I tell everyone that Kingswood fishes ponds very carefully to find boys who hail from families attuned to the camp ethic and who use Kingswood to re-enforce or validate values already fully entrenched. To those of you harboring impressionable pre-teens, how sweet must it be to hear your son pronouncing that this or that Kingswood way as the only way. " Mom and dad: I'm allowed to still think about you a lot, but I don't miss you that much any more." Yeah, well, that's the company line and for quite a few, it sticks. Furthermore, I can count on the older set of boys to stand up at camp meetings to make assertions such as "To make a friend, you've got to be a friend," or "Stay busy doing as many camp activities as you can and your homesickness will soon go away like it did for me when I was your age." Best of all, they've come to really believe what they say and it shows.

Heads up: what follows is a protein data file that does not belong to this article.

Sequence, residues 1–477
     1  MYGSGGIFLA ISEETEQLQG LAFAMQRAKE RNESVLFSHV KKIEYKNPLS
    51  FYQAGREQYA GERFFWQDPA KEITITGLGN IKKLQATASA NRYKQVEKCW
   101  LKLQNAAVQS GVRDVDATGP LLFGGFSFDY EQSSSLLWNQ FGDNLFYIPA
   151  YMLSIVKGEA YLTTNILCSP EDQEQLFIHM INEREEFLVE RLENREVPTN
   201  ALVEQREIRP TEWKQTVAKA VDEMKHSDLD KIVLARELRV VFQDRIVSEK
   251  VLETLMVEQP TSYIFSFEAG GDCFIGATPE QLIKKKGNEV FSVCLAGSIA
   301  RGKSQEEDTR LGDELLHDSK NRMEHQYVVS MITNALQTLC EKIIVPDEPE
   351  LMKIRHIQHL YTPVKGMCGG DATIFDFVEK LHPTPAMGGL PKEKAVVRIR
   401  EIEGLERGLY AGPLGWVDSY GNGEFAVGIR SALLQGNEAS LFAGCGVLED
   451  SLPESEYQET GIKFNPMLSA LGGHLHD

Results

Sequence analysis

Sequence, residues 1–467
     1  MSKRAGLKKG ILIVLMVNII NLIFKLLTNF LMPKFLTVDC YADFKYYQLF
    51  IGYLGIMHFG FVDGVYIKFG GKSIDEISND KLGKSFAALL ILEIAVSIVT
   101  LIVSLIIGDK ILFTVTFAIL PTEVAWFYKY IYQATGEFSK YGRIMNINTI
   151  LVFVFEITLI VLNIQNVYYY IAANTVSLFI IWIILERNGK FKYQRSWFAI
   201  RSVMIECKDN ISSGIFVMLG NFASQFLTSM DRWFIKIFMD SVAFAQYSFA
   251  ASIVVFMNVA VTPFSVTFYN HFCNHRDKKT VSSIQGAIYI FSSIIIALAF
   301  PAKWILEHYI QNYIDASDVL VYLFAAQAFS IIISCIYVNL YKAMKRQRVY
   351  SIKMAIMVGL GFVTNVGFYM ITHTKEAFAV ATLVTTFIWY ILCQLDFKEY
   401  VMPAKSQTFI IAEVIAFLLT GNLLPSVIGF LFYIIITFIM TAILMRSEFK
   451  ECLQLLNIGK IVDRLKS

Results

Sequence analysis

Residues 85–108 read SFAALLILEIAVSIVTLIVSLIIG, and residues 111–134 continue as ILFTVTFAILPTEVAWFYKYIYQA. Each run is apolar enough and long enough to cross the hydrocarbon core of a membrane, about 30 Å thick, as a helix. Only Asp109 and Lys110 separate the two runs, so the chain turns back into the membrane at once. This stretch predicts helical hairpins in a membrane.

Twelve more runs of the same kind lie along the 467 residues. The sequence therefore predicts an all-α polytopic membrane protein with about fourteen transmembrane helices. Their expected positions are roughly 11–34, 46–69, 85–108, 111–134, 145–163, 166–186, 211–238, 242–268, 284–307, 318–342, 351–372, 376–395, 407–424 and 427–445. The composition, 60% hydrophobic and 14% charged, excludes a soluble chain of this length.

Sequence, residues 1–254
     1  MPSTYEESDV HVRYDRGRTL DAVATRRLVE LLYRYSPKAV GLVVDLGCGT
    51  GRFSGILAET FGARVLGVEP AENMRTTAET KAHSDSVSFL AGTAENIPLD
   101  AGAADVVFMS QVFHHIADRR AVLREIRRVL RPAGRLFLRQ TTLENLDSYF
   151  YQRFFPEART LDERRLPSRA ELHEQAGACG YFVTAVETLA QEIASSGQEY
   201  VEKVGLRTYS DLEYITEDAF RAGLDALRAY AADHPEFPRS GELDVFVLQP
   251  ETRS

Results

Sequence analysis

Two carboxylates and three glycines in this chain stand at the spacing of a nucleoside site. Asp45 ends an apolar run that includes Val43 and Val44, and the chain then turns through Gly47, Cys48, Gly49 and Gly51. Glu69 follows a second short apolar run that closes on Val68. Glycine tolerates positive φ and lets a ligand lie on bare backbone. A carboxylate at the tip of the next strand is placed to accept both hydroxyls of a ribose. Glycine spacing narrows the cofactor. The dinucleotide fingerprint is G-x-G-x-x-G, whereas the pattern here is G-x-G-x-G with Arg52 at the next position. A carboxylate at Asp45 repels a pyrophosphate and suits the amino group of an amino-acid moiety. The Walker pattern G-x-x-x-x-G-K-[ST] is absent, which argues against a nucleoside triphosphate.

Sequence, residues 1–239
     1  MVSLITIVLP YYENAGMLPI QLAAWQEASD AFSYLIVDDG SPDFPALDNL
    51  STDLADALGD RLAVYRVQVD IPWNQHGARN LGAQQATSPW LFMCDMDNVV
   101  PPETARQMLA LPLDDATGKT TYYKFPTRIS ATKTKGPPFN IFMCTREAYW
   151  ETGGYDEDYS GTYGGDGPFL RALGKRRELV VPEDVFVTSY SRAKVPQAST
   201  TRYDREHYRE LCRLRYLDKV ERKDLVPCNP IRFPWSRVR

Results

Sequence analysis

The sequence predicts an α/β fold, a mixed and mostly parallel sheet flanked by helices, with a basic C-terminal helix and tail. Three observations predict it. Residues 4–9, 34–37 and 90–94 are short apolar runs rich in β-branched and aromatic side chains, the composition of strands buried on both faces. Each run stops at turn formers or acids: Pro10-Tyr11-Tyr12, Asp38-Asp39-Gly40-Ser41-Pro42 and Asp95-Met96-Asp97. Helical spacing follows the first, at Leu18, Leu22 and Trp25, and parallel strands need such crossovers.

While pretty obvious material to Kingswood veteran folks, to Thompson and his audience of rank and file Americana, these notions are anything but routine. At his camp, Thompson witnessed three elements in every camper's daily regimen which seem to fly way below the common familial radar screen: (1) They were living in a multi-generational community, (2) They were following hallowed rituals that were universally respected, and (3) They had a lot of downtime.

We have always given great play to the multi-generational aspect at Kingswood. We notice great interplay and influence-peddling among and between every age group from the grizzled administration to the youngest sandcastle builders. As a director who now is approaching a two generation differential from his youngest charges, I never had thought much about how I connected to young people until a family member recently remarked how she enjoyed observing me "re-articulate" with the boys. No question but that I lay in wait for campers' comments to pounce upon as universal insights. Says a youngster at Sunday camp meeting, "I think it is more important to play hard and fair than it is to win at all costs," and I'm touched off like a firecracker with affirmations galore, at the end of which the boy gets all the credit for a brilliant idea. "You've got it right, pal, and I hope the others heard you." Try re-articulation yourself.